"This annoys me, this subject," says Hope Powell, the coach of the England women's football team, when asked about the lack of media coverage of women's sport in the UK.
"If you look in the press, the focus is on male sport and it's male-dominated. On the telly, it's male-dominated."
In a year when no females were shortlisted for BBC Sports Personality of the Year, women's football has enjoyed unprecedented success.
There was the launch of the Women's Super League (WSL), while England reached the quarter-finals of the biggest ever women's World Cup.
While these made it into the mainstream media, Powell, who has been at the forefront of transforming the women's game in the UK for over a decade, is concerned with the coverage the sport gets between major events.
"We get to a major final and the press are all over it. We get to the World Cup, the press are all over it. And then they disappear," she said.
"We played a European Championship qualifier [against Serbia in November] and nobody knows about it. We get three points, play very well and I don't think it was mentioned in one newspaper.
"The assumption I get is the sports editors assume people don't want to read about women's football."
An unfounded assumption perhaps when more than 1.3m women and girls play football - more than any other sport in the UK.
And there appears to be demand for the women's game.
Sports broadcaster ESPN has doubled the number of live WSL games it will show in 2012 to 10, while it averaged about 60,000 viewers for each match in 2011, on a par with Scottish Premier League games.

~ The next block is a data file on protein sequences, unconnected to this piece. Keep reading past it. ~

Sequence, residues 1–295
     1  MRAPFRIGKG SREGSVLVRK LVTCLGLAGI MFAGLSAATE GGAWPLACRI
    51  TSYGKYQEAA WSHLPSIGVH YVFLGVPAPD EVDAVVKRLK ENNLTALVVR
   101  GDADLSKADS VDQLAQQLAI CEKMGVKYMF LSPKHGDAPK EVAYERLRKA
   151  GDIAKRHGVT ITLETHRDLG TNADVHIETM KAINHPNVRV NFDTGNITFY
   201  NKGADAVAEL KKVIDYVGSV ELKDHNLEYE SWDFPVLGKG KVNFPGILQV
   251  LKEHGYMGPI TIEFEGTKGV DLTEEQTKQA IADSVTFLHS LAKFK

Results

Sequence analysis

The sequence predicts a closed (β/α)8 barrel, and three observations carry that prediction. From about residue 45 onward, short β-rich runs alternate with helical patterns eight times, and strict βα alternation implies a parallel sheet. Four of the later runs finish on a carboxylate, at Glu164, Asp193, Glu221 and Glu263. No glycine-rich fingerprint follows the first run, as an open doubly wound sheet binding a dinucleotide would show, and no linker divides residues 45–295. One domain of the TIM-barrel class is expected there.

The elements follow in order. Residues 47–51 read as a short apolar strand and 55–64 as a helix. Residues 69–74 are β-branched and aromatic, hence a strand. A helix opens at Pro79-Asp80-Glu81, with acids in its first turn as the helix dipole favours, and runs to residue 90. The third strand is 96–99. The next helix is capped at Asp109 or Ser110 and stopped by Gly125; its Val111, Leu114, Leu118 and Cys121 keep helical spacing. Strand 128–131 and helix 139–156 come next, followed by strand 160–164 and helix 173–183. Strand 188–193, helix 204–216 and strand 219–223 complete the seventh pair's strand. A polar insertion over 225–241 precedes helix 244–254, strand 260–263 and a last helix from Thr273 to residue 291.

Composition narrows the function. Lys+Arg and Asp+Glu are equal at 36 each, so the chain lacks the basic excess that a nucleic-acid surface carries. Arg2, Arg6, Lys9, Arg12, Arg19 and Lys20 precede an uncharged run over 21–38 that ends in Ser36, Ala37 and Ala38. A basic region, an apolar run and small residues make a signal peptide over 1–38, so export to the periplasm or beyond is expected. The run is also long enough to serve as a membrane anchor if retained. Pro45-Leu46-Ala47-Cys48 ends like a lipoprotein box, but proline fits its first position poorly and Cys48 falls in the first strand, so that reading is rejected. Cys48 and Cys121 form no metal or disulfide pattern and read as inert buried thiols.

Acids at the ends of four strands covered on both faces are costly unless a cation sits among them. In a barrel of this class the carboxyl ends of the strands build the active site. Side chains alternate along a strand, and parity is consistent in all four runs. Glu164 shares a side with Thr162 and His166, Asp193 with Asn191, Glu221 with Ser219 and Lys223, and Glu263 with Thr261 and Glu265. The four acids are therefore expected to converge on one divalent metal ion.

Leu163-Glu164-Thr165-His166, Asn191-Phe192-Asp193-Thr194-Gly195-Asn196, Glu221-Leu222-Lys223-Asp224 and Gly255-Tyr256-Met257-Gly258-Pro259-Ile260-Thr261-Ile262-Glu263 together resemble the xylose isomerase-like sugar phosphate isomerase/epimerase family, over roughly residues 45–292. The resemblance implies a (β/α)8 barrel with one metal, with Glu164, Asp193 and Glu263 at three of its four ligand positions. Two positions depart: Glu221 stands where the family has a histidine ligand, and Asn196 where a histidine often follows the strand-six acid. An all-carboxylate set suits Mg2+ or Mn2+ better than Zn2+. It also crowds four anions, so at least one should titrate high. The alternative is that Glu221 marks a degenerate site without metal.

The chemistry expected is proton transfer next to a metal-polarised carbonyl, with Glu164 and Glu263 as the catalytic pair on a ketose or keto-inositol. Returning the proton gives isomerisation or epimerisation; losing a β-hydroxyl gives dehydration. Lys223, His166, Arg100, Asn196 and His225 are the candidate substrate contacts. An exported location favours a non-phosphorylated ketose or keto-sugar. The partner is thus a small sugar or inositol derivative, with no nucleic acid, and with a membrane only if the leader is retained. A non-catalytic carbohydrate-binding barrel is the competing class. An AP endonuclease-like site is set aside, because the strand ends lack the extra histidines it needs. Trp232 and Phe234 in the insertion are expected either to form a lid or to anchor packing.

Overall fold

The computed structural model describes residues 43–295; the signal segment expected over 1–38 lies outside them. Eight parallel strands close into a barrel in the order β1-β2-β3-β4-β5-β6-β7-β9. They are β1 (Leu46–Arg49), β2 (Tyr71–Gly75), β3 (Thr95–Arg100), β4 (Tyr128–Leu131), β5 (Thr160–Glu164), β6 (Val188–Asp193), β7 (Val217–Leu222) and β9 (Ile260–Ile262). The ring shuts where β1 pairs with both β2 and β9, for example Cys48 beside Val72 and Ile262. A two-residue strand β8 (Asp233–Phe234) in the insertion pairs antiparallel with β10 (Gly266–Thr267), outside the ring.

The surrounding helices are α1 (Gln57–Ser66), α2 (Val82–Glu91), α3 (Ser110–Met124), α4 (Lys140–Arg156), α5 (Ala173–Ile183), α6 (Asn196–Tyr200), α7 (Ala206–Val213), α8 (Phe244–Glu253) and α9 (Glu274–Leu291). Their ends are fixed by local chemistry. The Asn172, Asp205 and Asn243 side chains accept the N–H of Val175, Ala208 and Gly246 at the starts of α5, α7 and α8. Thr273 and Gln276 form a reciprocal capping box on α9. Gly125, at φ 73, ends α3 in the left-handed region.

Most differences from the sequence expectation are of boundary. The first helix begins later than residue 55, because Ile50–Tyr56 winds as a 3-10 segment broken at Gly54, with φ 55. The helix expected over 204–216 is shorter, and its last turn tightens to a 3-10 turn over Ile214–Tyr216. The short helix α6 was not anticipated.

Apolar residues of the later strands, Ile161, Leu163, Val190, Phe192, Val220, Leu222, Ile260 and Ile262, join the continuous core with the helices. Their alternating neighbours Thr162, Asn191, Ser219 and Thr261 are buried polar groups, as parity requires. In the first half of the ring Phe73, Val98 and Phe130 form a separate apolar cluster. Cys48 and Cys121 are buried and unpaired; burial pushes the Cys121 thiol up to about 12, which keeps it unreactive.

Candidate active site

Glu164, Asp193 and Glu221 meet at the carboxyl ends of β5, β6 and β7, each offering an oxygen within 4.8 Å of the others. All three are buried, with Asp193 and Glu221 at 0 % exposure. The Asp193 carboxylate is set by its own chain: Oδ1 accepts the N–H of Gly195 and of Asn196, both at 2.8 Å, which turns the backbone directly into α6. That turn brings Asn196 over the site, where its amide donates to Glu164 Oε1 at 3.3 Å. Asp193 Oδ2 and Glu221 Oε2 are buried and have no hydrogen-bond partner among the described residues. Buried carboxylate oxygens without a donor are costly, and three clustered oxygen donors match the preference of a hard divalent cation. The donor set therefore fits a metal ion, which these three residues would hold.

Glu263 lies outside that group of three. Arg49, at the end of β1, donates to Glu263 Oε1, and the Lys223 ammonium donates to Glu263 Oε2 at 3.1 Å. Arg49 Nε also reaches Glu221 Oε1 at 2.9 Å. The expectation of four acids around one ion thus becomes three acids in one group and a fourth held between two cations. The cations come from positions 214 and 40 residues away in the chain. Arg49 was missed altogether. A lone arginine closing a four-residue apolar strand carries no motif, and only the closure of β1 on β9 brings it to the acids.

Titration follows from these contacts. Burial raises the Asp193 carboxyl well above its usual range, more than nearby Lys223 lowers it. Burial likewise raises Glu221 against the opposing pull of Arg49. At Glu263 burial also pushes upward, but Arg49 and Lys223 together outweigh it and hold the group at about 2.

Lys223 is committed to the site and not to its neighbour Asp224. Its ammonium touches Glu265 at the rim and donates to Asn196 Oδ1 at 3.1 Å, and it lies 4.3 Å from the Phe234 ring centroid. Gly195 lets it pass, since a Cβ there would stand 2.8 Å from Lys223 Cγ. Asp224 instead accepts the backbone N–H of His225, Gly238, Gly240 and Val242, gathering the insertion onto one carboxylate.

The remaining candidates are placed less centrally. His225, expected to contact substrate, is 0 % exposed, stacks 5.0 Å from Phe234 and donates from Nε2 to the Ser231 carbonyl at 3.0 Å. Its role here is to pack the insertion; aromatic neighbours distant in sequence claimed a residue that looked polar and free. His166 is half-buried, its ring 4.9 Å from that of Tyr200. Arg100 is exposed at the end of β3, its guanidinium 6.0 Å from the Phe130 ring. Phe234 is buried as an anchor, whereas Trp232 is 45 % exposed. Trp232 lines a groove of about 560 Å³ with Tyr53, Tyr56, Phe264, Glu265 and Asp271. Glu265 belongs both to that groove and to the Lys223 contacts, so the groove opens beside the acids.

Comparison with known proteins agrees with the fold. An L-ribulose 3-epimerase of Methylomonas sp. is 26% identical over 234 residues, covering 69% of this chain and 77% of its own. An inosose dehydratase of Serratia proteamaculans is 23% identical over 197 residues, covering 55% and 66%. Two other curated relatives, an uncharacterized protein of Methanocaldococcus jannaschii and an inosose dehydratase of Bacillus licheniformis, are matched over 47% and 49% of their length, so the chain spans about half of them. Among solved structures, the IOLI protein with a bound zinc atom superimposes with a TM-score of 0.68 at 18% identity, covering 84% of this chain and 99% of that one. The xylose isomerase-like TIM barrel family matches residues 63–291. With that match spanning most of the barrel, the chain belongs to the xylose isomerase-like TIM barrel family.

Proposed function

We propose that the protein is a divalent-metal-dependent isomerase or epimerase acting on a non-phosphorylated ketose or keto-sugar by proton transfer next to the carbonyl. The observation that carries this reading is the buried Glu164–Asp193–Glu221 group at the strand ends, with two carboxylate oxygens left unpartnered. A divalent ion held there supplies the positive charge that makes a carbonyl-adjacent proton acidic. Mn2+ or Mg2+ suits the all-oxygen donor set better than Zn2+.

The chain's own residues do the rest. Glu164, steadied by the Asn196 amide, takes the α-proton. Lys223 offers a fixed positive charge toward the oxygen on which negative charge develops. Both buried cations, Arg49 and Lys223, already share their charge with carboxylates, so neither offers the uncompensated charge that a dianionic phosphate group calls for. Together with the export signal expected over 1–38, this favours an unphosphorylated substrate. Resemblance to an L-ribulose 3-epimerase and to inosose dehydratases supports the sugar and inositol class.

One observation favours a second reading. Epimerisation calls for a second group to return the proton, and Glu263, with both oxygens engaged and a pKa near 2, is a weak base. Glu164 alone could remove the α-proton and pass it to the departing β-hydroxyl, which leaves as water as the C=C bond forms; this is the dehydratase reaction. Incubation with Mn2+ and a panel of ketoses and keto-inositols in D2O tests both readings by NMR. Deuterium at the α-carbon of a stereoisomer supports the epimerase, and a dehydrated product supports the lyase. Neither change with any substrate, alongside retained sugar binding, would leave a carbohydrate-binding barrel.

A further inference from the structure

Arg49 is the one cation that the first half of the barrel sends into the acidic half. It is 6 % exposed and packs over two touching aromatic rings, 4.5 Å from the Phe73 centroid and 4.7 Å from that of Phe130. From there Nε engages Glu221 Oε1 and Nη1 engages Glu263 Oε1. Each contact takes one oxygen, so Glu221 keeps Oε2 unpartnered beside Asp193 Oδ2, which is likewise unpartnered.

But women's football is not alone in being given sporadic media coverage, according to Powell.
"Generally, women's sport gets a raw deal," she said. "As females in sport, not just in football, we're overlooked.
"They [England women] represent their country. They're ambassadors and great role models but I don't think female sport gets the recognition it deserves."
England international Karen Carney, who plies her trade at Birmingham City Ladies in the WSL, has seen first-hand how women's sport lacks mass coverage.
"We train with the England rugby girls, who have won everything possible; women's cricket as well. If you look at their CVs, it says it all. But it's never really been acknowledged and it baffles me a little bit," Carney said.
"The rugby girls are the best in the world and have been for ages, so how they're not credited for that is crazy."
This is no new debate. At many of the major football events involving England, the media will ask whether this is the year the game becomes mainstream.
And the forthcoming Olympic football tournament, which will see a women's team from Great Britain competing for the first time, is likely to be no different.
"Everybody talks about it being the catalyst," said Powell, who will coach GB at London 2012. "We heard this in 2005 [at the European Championships in England] when 27,000 people came to our opening game.
"It's only the catalyst if the hook is taken by the media and they give us some air time and sustain it over a period of time.
"Don't just give it a one-off and see if people want to read about it. I think they do. It's the third largest participation sport in the country so there must be an interest."
Despite their low-key status, the national team have undergone a surge in development in recent years, as Carney has witnessed.
"We've just been moved up to sixth [in the world rankings]. We're improving but we've still got five more places to go," the midfielder said.
"You can't have a good England [team] without a good league. Now that we've got that, hopefully we'll continue progressing."